I always suggest that, as a new gardener, you start with just a few varieties, and go for the easy stuff, like cucumbers or green beans, butterfly weed or pansies, even mint or basil if you like herbs. If you’re brand new, don’t try a dozen new varieties of crazy, exotic stuff or ultra-picky plants like hybrid tea roses right off the bat. You’ll just get frustrated and quit, and that’s sad.
Tools for Other Gardeners
Last, I’m so excited to finally have a Printable Garden Journal available for sale on my blog. I’ve looked for years for a journal that has everything I want in one place. Since I could never find it, I decided to make one. You’ll find pages for note-taking, seed inventory pages, information and charts on companion planting and crop rotation, plus much more! Feel free to visit here to see all that’s included. I know you’ll love it as much as I do!
No Till Gardening with Crazy Organic Mama
No-till is a favorite process for my small beds and containers. In “No Till Gardening: Making It Work for You,” Dawn wrote about her no-till practices. I utilize paper, old leaves mixed with plain old dirt to create growing medium. Recycling brown paper and cardboard for weed and moisture control are favorite and successful practices in our gardening.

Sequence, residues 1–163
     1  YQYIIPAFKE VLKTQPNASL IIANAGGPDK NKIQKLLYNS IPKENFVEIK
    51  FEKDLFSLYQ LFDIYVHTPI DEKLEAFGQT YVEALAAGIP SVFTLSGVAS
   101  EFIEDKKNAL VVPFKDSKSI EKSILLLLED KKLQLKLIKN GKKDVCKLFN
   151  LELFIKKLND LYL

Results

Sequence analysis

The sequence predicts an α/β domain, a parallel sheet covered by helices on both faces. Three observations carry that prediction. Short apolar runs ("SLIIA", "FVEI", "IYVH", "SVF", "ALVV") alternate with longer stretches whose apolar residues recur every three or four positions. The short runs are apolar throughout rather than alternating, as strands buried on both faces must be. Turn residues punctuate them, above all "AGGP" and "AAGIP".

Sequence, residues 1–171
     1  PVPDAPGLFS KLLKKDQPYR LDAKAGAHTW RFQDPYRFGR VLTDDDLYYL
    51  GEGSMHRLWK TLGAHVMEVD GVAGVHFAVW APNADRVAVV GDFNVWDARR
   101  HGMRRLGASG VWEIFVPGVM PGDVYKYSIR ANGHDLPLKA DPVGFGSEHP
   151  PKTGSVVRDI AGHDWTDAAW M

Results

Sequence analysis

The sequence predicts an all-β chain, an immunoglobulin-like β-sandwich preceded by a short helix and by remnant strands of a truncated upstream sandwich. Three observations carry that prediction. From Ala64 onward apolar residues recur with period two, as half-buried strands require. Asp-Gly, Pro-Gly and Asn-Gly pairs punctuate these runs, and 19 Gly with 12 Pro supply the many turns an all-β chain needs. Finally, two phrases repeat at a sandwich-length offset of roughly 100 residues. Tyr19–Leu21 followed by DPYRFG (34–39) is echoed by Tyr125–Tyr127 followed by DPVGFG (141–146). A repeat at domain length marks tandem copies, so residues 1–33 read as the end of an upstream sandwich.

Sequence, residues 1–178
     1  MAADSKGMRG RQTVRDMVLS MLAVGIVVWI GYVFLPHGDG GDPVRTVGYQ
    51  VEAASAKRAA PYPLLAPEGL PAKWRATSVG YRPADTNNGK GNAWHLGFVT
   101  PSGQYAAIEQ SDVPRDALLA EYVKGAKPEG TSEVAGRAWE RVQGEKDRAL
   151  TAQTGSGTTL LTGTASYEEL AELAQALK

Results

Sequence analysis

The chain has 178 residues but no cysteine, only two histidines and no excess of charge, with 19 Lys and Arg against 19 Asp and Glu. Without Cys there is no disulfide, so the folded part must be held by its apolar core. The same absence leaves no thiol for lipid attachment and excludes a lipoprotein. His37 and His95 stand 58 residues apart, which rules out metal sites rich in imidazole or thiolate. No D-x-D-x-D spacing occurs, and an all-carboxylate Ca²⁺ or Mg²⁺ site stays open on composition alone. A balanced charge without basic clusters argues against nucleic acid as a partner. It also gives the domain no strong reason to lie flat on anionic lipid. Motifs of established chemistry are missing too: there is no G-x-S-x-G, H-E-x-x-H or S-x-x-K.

We are convinced that a hardy earthworm population helps our growing efforts. We avoid over-fertilization all over. A few worms from the worm bins introduced into each container. They make themselves comfortable, working on the organic matter in the pot.
No till farming is just one of the topics you can find about at Crazy Organic Mama blog. Beginning and experienced gardeners will enjoy the reading. There is a gift list for gardeners that covers EVERYTHING. The Mason bee houses are coming to the top of my wish list!
Gardens Find Good Friends
I’m sure you’ll enjoy the reading at CrazyOrganicMama.com. Go over there and treat yourself to some good reading and very useful printables. I confess that I can get lost over there reading all of the information. So distracted that I have to force myself to come back to The Legacy Gardens blog to do my own writing! Or to The Legacy Gardens dirt to tend to my own garden! Please enjoy the slides featuring more views of the garden at Crazy Mama Organic
I would love you comments about your gardening experiences.